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Mathematical modeling technique useful for guiding quantitative decisions in business, industrial engineering, and to a lesser extent the social and physical sciences. Solving a linear programming problem can be reduced to finding the optimum value (see optimization) of a linear equation (called an objective function), subject to a set of constraints expressed as inequalities. The number of inequalities and variables depends on the complexity of the problem, whose solution is found by solving the system of inequalities like a system of equations. The extensive use of linear programming during World War II to deal with transportation, scheduling and allocations of resources under constraints like cost and priority gave the subject an impetus that carried it into the postwar era. The number of equations and variables needed to model real-life situations accurately is large, and the solution process can be time-consuming even with computers. Seealso simplex method.

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Templates are a feature of the C++ programming language that allow functions and classes to operate with generic types. This allows a function or class to work on many different data types without being rewritten for each one.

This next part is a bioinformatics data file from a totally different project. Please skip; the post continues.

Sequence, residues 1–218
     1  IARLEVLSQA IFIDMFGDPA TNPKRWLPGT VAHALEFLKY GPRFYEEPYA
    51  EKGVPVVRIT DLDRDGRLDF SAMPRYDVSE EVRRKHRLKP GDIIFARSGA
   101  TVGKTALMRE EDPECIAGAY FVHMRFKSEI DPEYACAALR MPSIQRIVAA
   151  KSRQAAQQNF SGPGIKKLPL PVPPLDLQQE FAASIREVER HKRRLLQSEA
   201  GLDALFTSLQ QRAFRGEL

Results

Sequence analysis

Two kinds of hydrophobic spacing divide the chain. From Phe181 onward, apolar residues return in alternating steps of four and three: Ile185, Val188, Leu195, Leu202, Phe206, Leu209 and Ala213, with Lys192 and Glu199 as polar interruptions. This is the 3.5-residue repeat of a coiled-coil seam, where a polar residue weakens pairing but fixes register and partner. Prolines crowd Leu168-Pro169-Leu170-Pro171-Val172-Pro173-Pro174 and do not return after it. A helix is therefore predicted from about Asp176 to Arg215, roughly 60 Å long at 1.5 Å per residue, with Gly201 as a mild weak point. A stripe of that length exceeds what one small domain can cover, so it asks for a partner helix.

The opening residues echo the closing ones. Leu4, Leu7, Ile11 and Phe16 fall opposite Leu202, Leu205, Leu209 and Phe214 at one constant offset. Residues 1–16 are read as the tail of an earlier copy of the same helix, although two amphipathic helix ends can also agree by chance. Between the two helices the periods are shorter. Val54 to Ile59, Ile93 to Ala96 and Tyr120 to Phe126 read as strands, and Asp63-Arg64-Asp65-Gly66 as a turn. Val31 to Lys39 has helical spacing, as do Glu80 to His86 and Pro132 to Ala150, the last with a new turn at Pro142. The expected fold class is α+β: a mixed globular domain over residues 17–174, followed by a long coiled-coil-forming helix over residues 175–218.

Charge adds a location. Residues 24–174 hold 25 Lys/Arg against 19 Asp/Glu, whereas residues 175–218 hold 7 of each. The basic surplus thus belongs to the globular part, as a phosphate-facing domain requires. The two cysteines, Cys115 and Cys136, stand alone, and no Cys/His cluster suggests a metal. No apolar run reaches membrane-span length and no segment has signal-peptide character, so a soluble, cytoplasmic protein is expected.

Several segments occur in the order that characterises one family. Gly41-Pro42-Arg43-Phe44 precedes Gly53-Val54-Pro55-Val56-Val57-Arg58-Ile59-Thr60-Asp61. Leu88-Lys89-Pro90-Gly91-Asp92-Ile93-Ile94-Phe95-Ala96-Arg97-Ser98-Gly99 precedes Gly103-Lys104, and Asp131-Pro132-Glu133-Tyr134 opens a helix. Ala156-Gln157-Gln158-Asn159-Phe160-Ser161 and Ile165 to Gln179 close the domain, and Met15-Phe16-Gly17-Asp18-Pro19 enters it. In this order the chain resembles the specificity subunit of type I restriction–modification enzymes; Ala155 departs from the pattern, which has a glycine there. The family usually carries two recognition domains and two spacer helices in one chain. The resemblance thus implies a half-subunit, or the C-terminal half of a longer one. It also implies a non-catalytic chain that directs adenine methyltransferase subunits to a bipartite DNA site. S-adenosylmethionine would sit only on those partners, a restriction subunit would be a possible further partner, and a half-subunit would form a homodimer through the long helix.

Templates are of great utility to programmers in C++, especially when combined with multiple inheritance and operator overloading. The C++ Standard Library provides many useful functions within a framework of connected templates.

Technical overview

There are two kinds of templates: function templates and class templates.

Function templates

A function template behaves like a function that can accept arguments of many different types. For example, the C++ Standard Template Library contains the function template maximum(x, y) which returns either x or y, whichever is larger. maximum() could be defined like this:

  1. include

template inline const T& maximum(const T& x,const T& y) {

  if(y > x)
     return y;
  else
     return x;
}

int main(void) {

  using namespace std;
  //Calling template function
  cout << maximum(3,7) << endl;         //outputs 7
  cout << maximum(3, 7) << endl;             //same as above
  cout << maximum(3.0,7.0) << endl;  //outputs 7
  return 0;
}

Notice that the user can use the same function for many different data types.

Template functions can be defined for arguments of any type for which a concrete function can be created by the compiler. If the data type is a class, the < operator must be defined for this example template function to work.

Template functions, which support both primitive and class types, also allow the user to utilize standard template libraries such as STL. Template libraries can leverage template functions by allowing the user of the library to define types and operators for those types.